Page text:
Water Canada https://www.watercanada.net From the source to tap and back again Fri, 15 Feb 2019 19:18:40 +0000 en-US hourly 1 https://wordpress.org/?v=5.0.3 Tiny Satellites Reveal Water Dynamics in Thousands of Northern Lakes https://www.watercanada.net/tiny-satellites-reveal-water-dynamics-in-thousands-of-northern-lakes/ https://www.watercanada.net/tiny-satellites-reveal-water-dynamics-in-thousands-of-northern-lakes/#respond Fri, 15 Feb 2019 16:22:18 +0000 https://www.watercanada.net/?p=5000061607 Using an army of small satellites, researchers have shown that water levels in small lakes across northern Canada and Alaska are far more variable during the summer than previously thought. The findings, published in Geophysical Research Letters, could have implications for how scientists calculate the natural greenhouse gas emissions from these northern lakes. The study used […]

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Using an army of small satellites, researchers have shown that water levels in small lakes across northern Canada and Alaska are far more variable during the summer than previously thought. The findings, published in Geophysical Research Letters, could have implications for how scientists calculate the natural greenhouse gas emissions from these northern lakes.

The study used images taken by a network of more than 150 CubeSats — small satellites about the size of shoeboxes — which made nearly daily observations of more than 85,000 small North American lakes during the summer of 2017. The images enabled the researchers to see how the lakes changed over time. They found small but significant shoreline changes in individual lakes that added up to hundreds of square kilometers of lake area change across the study region.

“There’s been a lot of research on climate-driven changes in lake area, but it’s mainly focused on long-term changes,” said Sarah Cooley, a Ph.D. student at Brown University and the study’s lead author. “This is the first time that anyone has looked at fine-scale, short-term changes, and we found that there’s much more variability within a season than expected.”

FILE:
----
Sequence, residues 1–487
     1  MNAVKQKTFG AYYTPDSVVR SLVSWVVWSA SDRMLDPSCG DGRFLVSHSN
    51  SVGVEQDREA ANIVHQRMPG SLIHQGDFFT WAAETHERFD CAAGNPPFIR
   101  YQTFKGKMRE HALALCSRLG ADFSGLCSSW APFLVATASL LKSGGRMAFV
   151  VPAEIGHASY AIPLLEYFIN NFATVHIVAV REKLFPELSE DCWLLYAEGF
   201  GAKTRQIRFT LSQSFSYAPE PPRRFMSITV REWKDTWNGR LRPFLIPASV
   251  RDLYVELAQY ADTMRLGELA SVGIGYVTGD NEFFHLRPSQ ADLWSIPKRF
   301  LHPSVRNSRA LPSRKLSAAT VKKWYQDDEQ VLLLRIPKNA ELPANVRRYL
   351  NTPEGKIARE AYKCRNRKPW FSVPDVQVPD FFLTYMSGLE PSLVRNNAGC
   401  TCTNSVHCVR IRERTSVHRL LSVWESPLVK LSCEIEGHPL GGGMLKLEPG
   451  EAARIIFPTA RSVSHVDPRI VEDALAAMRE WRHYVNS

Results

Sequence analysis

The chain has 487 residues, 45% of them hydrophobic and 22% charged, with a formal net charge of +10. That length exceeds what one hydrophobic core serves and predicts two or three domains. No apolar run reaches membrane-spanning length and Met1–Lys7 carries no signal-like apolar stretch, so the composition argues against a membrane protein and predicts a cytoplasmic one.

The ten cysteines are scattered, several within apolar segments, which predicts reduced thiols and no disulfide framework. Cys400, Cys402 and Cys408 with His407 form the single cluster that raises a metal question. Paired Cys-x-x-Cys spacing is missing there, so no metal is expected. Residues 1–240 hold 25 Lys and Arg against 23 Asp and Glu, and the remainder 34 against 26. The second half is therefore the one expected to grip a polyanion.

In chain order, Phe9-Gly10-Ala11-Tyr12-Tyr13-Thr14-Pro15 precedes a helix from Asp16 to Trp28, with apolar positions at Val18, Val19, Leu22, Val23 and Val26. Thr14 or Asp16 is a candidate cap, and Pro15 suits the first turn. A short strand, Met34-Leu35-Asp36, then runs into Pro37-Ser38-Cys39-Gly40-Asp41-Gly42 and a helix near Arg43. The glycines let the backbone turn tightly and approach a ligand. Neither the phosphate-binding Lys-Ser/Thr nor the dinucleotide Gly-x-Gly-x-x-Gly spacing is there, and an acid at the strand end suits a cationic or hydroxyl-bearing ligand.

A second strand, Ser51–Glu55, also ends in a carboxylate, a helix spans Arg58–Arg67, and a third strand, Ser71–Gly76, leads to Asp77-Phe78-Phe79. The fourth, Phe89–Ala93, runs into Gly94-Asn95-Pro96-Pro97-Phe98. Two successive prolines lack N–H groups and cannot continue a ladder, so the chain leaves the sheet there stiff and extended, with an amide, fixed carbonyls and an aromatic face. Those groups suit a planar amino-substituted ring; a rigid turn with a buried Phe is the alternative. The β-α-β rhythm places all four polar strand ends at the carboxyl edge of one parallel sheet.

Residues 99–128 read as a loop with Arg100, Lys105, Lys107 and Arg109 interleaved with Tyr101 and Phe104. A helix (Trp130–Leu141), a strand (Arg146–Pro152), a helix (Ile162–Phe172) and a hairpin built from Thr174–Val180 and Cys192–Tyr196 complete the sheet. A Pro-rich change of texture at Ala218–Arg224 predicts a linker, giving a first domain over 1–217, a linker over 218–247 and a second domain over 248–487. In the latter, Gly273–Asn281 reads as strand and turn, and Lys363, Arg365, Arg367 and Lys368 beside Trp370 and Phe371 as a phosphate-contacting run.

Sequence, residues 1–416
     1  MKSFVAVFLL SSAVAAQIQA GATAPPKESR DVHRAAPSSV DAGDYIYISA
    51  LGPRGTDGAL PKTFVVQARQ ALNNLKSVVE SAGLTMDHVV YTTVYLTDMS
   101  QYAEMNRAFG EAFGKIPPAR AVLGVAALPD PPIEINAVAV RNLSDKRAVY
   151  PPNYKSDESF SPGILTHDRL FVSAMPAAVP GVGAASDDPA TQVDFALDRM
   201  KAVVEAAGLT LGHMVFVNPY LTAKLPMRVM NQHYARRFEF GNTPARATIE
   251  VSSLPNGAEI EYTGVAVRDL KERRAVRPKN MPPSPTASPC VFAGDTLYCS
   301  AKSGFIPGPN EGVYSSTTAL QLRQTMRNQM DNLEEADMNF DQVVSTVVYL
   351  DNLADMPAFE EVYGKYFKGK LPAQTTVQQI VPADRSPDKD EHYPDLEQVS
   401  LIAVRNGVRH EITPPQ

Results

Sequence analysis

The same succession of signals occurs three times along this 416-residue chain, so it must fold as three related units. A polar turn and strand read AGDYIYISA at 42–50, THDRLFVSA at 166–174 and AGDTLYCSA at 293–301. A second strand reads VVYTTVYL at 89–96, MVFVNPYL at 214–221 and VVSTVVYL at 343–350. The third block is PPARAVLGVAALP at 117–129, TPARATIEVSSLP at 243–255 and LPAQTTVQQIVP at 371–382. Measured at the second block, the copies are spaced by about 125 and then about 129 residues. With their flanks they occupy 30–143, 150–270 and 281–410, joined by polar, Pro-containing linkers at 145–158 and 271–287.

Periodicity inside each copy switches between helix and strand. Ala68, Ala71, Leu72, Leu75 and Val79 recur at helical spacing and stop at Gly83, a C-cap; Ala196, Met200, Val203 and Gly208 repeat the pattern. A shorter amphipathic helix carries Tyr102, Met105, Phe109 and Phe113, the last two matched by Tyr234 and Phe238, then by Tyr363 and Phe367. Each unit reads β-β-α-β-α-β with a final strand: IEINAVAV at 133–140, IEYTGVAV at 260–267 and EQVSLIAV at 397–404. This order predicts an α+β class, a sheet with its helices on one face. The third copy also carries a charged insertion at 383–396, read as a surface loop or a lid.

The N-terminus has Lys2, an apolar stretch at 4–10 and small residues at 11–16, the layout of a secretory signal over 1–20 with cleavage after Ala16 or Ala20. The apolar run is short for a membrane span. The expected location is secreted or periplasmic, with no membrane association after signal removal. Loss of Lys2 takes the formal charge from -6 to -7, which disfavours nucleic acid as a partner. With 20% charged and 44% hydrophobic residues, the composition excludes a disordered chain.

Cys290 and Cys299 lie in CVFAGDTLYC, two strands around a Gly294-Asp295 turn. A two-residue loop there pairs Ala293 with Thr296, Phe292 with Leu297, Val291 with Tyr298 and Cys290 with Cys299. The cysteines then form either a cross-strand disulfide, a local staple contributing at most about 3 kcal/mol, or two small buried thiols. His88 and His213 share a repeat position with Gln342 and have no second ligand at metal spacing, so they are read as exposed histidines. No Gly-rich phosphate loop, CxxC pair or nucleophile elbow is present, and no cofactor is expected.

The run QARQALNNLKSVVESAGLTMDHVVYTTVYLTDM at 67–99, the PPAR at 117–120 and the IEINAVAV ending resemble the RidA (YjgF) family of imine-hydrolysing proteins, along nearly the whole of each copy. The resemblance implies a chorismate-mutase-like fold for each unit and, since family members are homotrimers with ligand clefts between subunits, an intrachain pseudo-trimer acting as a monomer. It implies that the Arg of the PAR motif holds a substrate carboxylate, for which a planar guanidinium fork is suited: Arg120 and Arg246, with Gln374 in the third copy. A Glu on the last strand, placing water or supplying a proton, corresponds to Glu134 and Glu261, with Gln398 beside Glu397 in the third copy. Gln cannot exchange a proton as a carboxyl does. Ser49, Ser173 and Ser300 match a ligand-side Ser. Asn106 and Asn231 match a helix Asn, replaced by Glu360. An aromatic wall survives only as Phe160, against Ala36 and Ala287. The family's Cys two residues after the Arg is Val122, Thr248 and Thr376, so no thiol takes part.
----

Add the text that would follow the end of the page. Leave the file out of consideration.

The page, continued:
The study area captures a substantial swath of Arctic tundra and boreal forest, a biome that circles the Earth’s northern hemisphere in a band from about 50 to 70 degrees north latitude. The region is home to critical forest and tundra ecosystems as well as the planet’s highest density of lakes, so understanding its hydrology is scientifically important.

One reason for that is that boreal lakes are a significant source of natural greenhouse gas emissions. Their sediments contain tons of organic carbon, which washes in from the surrounding landscape. Some of that carbon then decomposes and it emitted into the atmosphere in the form of carbon dioxide and methane greenhouse gases.

Image Credit: Sarah Cooley

This new finding of substantial summer shoreline fluctuation has implications for how scientists calculate these emissions, the researchers say. That’s because shoreline areas where water ebbs and flows from season to season are known hotspots for greenhouse gas production and emission. But estimates of lake emissions generally assume shorelines to be stable within each season. The finding of surprising within-season shoreline fluctuation, the researchers say, suggests that current emissions models from boreal lakes may be underestimated.

“A shoreline that’s fluctuating is going to emit more carbon than a stable shoreline,” Cooley said. “These short-term fluctuations, which no one had ever mapped before, suggest these lakes are potentially emitting more gas than people thought.”

Another finding that surprised the research team was the large overall importance of shoreline fluctuations on the ancient Canadian Shield, a rocky, wet landscape in central Canada where millions of small lakes cover 20 per cent of the landscape.

“Previous studies assumed lakes in this area to be relatively stable,” said Laurence C. Smith, a co-author of the study and project leader for NASA’s Arctic-Boreal Vulnerability Experiment, which helped fund the study. “To our surprise, the high-resolution, high-frequency imaging afforded by CubeSats revealed that small shoreline fluctuations in this lake-rich area sum to impressively large numbers.”